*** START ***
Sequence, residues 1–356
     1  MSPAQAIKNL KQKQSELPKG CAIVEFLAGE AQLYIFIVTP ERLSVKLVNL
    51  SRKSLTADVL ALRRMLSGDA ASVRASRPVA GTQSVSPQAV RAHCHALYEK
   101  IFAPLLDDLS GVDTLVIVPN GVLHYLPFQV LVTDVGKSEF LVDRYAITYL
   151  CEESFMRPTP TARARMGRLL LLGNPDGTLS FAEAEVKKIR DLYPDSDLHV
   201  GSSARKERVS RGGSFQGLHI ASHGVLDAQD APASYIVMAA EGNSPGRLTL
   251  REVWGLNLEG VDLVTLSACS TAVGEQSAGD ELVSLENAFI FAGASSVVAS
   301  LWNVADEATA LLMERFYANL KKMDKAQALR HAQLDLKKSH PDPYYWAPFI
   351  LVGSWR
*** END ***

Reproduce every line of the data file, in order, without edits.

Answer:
Sequence, residues 1–356
     1  MSPAQAIKNL KQKQSELPKG CAIVEFLAGE AQLYIFIVTP ERLSVKLVNL
    51  SRKSLTADVL ALRRMLSGDA ASVRASRPVA GTQSVSPQAV RAHCHALYEK
   101  IFAPLLDDLS GVDTLVIVPN GVLHYLPFQV LVTDVGKSEF LVDRYAITYL
   151  CEESFMRPTP TARARMGRLL LLGNPDGTLS FAEAEVKKIR DLYPDSDLHV
   201  GSSARKERVS RGGSFQGLHI ASHGVLDAQD APASYIVMAA EGNSPGRLTL
   251  REVWGLNLEG VDLVTLSACS TAVGEQSAGD ELVSLENAFI FAGASSVVAS
   301  LWNVADEATA LLMERFYANL KKMDKAQALR HAQLDLKKSH PDPYYWAPFI
   351  LVGSWR